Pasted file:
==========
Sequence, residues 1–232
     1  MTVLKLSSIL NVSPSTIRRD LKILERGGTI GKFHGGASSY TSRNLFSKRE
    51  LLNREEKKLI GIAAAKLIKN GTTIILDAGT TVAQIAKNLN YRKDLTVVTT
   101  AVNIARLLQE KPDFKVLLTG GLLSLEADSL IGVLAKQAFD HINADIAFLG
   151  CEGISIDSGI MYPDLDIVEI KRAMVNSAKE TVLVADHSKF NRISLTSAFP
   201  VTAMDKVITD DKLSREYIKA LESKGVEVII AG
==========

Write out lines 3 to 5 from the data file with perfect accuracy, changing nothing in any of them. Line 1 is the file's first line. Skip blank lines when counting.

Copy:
    51  LLNREEKKLI GIAAAKLIKN GTTIILDAGT TVAQIAKNLN YRKDLTVVTT
   101  AVNIARLLQE KPDFKVLLTG GLLSLEADSL IGVLAKQAFD HINADIAFLG
   151  CEGISIDSGI MYPDLDIVEI KRAMVNSAKE TVLVADHSKF NRISLTSAFP